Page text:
• Quite honestly, I don’t think his defense is that bad at all, just his godawful throwing.

      I hadn’t seen that link. The first link in the post is the one that gave me the idea, as I basically copied what he did for the Rays.

  9. It should be “eke out,” yes? Although if Snider isn’t what he think he is and Lind and Hill don’t bounce back, “eek” indeed. What these numbers don’t seem to take into account (correct me if I’m wrong) is how guys hit with men on base, which is part of the rationale for the traditional lineup I’d guess. Some guys press, some guys keep the line moving and get on base, and some guys hit better when a run can score. I’d have to look it up, but E3 (Mr. Solo Homer) in the top four of any lineup seems nuts to me on that basis.

  10. That John Farrell sure is lantern-jawed. I wish I was lantern-jawed.

  11. I wouldn’t put the only 2 lefties in the lineup together.

  12. Eke indeed.

    Hitting with RISP is like “clutch” hitting. It varies widely from year to year, and is completely dependent on luck. Guys with large enough sample sizes will almost always hit the same whether runners are on or off the bases.

  13. @Kevin – Parkes pretty much nails it. Good hitters are good with runners on, bad hitters aren’t. Science!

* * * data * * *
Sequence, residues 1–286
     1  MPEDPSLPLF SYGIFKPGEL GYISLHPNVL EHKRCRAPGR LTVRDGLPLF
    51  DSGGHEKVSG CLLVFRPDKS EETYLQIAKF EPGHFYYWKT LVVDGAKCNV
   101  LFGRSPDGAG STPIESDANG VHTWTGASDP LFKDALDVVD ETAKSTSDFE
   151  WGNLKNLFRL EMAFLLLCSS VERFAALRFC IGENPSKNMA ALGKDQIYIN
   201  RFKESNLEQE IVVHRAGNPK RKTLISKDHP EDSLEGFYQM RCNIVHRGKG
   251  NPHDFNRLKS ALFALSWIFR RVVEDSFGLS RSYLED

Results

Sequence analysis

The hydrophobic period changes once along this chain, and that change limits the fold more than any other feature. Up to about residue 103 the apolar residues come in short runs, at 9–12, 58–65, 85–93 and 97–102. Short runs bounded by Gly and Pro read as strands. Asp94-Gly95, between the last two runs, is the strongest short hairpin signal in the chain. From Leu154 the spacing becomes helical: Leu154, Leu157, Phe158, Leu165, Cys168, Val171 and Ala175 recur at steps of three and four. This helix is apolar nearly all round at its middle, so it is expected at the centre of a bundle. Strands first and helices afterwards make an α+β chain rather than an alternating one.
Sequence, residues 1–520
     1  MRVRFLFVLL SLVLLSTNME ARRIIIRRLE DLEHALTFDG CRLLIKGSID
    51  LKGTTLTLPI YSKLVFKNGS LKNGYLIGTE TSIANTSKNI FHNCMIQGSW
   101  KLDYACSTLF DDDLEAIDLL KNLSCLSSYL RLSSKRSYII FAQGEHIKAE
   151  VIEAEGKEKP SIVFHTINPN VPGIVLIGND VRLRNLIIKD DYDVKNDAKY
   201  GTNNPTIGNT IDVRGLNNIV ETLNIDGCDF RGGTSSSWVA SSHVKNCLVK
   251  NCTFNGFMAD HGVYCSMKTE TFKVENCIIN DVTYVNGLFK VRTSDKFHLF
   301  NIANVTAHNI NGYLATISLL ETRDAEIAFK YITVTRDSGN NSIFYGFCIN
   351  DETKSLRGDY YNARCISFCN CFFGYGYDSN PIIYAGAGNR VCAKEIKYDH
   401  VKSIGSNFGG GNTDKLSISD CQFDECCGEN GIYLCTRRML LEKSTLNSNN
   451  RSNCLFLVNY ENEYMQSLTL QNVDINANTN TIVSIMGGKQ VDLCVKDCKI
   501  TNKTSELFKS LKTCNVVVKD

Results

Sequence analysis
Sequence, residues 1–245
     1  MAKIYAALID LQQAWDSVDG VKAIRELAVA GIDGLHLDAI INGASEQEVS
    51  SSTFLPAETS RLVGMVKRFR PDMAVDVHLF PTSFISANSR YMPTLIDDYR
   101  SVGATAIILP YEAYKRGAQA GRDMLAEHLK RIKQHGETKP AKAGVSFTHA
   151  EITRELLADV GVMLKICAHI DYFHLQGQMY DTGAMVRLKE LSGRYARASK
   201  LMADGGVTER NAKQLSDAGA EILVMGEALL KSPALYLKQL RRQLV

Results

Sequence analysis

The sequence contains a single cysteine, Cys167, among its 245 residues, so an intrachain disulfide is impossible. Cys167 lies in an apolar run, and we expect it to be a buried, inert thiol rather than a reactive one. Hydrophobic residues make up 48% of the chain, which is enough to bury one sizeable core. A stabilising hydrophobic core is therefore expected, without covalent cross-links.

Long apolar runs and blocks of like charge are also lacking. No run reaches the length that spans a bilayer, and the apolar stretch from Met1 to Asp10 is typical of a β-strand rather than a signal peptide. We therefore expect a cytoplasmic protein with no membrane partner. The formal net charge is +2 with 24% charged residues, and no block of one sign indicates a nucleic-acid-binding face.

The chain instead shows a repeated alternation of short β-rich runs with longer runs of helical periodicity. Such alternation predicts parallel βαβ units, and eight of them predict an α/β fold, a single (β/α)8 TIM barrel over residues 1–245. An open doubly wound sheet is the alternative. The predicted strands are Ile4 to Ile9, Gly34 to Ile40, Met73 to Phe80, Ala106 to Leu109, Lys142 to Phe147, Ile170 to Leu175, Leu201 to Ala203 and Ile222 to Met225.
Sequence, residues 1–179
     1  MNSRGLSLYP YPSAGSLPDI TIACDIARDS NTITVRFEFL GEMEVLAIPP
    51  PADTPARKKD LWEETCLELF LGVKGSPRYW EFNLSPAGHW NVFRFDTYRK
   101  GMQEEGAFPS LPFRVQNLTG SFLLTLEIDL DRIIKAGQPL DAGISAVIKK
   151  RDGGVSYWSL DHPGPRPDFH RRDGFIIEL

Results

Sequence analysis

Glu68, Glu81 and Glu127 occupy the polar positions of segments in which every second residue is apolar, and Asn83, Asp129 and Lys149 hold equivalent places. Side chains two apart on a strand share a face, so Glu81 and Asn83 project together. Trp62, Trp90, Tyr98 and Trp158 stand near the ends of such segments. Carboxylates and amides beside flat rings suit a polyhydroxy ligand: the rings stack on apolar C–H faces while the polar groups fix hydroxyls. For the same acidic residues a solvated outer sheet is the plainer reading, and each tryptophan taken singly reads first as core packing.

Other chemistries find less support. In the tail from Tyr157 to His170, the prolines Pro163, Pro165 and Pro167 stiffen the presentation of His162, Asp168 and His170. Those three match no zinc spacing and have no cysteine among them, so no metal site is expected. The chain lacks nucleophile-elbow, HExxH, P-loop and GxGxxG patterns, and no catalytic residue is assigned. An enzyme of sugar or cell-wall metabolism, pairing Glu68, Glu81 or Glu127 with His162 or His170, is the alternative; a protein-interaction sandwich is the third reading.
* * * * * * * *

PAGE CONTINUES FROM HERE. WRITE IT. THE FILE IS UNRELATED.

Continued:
14. It seems that the one thing that may affect a player’s performance based on their spot in the batting order is the type of pitches they see, which is arguably dependent both upon who follows them and who is on base – it probably matters most where the splits for the current batter and the next batter are significantly different. I have no idea if this is a large effect across the board (the best examples would be those where a change in “protection” in the order has a significant effect for a given hitter, though most players see marginally different levels of protection), but it is possible that you could take any one of those players, change their spot in the order or who bats around them, and the wOBA changes. If it makes a difference of +-5 points or more, then the whole calculation changes.

  15. Does an individual players stats change depending on where in the order they hit? If yes, then projecting who would be best in a certain spot in the batting order won’t work because the very action of moving them to a different spot in the order alters the very thing that caused to put in that spot in the first place. If you had stats for each player for each spot in the order then you could accurately make a lineup projection assuming that you had a large enough sample size which of course you wouldn’t because players to bat in every spot of the order.